A close up photograph of a player's store card with 2 radishes, a cabbage, a bean, a pumpkin and a wheat token on it.

Wine and Veg

Jobby and Sarah explore two important food groups while continuing their 2017 gaming challenge…

The Challenge Continues

We’re running out of year and Sarah and I still need to complete our 2017 challenge. Who will be the victor after 11 best-of-three matches? We’ve played nine and Sarah leads five matches to four. Despite being left behind I’ve been making up ground and it looks like I could win this challenge. I just need to win three games straight. First up is Viticulture.

Wine Again!

I’ve covered one of our previous plays of Viticulture on this site in Mad Castles and Wine Making. In that game I really beat Sarah. She got her own back in the following game so this match has gone to decider.

As mentioned, I was under pressure to win this match. I was not happy about this as I wasn’t confident I could win this. Viticulture is a race game with the first player hitting 20 VP triggering the end of the round. Sarah is normally good at hitting points first, the odds didn’t look good for me.

Viticulture has a variable set up with a player’s starting resources being dictated by a couple of dealt cards. One of the cards often offers the player the choice between a building or some cash. I chose the building I was offered which was the tasting room. To make the most of it, I got some rubbish wine made early and began offering tours of my vineyard which got me a point each time. Sarah soon got wise to this and began blocking me. Hmph.

My confidence at winning continued to diminish. I hadn’t got any good vine cards early and the couple of order cards I was holding wanted either blush wine or blush and sparkling! These are the most difficult wines to make in this game. My heart sank but I figured I would work out how to get the orders fulfilled as they were worth a lot of points.

This left me apparently flagging behind while Sarah was making her way up the score track. I was really beginning to think I had lost this! Suddenly I began to see a series of actions that would lead to me completing both orders on the same turn, bringing me up to the target 20 VPs! Sarah, however, was close to 20 so if she completed a big order on the same turn then I would lose. I went for it…

I completed the first order and hopped up the track by a decent 5 VPs. “You’re going to finish the game this round, aren’t you?” asked Sarah. I refused to comment. Sarah fulfilled an order which brought her up to 19 points. She didn’t seem to have much left to do. I played my Winter Helper card which let me fulfil an order and delivered the second order to hit 20 VPs. Sarah had nothing left to do and couldn’t make up the last point. Victory to me! Whew!

From Fruit to Veg

Now we switched from growing grapes to growing veg. The main theme of fulfilling customer’s order remained, though, as we took on the decider game of At the Gates of Loyang (last reported on in To Market, To Market!). Sarah always tells me this is my game and, despite this match going to three games, I was happy that I would probably win this match and stay in the running.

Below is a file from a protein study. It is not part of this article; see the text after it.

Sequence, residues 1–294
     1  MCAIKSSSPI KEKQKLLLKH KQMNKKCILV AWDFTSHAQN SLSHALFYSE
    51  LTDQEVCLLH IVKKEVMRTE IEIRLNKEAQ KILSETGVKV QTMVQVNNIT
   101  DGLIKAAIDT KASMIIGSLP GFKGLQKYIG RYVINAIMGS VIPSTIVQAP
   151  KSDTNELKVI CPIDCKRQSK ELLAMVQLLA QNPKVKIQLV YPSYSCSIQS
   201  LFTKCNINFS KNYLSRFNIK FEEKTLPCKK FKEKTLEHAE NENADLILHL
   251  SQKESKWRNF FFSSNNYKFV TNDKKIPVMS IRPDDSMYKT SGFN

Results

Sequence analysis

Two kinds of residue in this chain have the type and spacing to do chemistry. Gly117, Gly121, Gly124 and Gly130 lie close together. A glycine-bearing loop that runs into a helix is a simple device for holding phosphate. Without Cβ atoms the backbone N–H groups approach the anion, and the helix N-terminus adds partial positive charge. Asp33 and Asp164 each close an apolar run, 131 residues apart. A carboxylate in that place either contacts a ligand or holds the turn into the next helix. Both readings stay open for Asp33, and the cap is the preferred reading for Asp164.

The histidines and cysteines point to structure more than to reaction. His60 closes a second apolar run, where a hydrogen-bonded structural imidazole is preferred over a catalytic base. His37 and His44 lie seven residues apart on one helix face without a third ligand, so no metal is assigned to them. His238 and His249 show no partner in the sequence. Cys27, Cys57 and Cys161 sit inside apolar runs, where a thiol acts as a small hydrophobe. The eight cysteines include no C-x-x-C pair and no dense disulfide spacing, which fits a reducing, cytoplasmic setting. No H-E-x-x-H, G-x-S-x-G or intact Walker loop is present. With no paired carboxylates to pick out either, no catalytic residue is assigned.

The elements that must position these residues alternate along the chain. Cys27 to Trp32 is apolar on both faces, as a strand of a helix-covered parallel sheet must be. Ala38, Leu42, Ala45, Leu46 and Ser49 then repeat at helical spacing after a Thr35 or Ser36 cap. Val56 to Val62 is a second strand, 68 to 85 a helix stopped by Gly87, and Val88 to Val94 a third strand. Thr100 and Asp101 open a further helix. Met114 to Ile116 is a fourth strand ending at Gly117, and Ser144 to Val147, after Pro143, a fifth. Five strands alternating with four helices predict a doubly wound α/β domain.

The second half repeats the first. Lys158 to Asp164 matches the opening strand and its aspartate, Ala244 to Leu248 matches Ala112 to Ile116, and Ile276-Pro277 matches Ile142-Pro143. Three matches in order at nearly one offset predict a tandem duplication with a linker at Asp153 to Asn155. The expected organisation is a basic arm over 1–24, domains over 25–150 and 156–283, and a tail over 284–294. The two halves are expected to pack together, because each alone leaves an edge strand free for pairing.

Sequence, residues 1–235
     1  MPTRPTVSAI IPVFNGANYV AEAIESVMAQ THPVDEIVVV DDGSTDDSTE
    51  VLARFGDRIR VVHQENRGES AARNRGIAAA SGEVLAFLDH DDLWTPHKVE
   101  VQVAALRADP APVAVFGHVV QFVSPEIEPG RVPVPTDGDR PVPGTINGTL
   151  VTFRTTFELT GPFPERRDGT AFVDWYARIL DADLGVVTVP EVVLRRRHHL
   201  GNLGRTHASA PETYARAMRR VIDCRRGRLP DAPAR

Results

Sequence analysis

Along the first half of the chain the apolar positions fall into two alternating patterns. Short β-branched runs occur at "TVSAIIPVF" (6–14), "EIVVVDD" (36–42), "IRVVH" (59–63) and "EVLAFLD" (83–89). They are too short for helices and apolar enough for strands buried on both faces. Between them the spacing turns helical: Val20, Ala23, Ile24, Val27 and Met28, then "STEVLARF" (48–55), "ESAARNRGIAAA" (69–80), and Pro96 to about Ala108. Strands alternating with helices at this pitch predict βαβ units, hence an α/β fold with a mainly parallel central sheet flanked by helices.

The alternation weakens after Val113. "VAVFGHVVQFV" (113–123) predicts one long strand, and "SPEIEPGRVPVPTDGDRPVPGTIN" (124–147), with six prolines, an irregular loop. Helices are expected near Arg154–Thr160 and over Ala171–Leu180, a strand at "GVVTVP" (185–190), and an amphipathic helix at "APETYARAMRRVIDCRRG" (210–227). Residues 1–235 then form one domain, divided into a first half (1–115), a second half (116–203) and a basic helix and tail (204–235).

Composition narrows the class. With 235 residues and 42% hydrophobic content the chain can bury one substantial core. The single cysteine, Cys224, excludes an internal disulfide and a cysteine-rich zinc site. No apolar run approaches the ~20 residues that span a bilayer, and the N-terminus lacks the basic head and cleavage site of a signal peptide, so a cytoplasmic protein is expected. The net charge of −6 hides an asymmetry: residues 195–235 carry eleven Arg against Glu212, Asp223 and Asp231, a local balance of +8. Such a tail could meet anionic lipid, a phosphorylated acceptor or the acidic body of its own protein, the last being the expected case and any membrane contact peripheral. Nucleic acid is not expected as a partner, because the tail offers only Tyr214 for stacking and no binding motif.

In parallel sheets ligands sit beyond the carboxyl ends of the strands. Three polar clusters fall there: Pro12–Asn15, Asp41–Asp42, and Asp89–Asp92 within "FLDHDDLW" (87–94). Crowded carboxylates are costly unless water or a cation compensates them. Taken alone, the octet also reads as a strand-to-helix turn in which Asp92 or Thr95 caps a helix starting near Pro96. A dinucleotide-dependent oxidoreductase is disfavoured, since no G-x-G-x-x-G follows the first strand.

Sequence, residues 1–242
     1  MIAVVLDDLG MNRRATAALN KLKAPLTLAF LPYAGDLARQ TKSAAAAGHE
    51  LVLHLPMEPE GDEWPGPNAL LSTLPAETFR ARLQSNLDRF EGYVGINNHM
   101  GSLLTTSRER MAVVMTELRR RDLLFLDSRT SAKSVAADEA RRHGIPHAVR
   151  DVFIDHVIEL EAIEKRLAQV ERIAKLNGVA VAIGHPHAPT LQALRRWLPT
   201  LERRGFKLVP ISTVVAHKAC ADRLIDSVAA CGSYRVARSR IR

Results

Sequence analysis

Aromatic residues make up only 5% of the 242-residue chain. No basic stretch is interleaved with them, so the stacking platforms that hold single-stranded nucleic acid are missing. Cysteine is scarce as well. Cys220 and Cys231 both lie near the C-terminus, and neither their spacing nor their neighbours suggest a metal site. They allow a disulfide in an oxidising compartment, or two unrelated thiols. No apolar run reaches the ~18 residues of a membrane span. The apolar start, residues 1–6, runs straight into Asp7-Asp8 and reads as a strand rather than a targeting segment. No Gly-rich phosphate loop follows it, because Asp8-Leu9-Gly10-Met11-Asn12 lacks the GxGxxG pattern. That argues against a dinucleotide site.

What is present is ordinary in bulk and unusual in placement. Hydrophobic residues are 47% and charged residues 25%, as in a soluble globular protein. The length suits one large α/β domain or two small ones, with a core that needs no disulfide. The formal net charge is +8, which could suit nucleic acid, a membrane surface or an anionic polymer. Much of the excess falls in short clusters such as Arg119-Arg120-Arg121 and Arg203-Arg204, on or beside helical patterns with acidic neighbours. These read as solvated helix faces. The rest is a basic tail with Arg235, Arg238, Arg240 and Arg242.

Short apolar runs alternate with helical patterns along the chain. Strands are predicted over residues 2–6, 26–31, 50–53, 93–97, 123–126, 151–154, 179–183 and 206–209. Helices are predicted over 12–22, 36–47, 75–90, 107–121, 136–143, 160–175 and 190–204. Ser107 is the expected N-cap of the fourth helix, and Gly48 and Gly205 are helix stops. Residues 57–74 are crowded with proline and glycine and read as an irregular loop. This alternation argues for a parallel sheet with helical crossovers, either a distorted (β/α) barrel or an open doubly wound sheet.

As it happens, things went pear shaped very early on. I took a regular customer who required beans and took the risk of taking a loan to buy a bean from the shop. Only then did I realise that I had the wrong field to plant a bean! I could only deliver this customer’s order once and then I was scrabbling around trying to find a market that supplied beans. Really, really not a good start!

A full view of a player's board in At the Gates of Loyang with 2 regular and 2 casual customers.
A photo from a previous play. I wasn’t doing so well this time.

Somehow I managed to get back on track. This game has an unusual feature where players have to buy their way up the score track. Each round the first space costs 1 cash, any further spaces cost the number printed on them. It pays to buy lots of spaces early on as it can get very expensive later on! Well, in one turn I managed to buy four spaces, forcing Sarah to buy three to keep up!

That felt good but I had to keep the pressure on. I knew that loan I’d taken really early would cost me a space on the score track at the end of the game. I had to finish a point ahead of Sarah and have more money to win the tie-break to win the game. This was going to be hard.

In fact, it turned out to be nigh-on impossible. I succeeded in finishing on the same score as Sarah before taking my loan into account. She though I’d won but she had forgotten about that point stripping loan. Game and match to Sarah!

Final Results

That left us with six matches to Sarah and four to me, meaning Sarah had won the challenge with a game left to play! For the second year running Sarah did that and again I found myself dishonoured and owing the victor a burger.

Oh well, Jobby, better luck in 2018!

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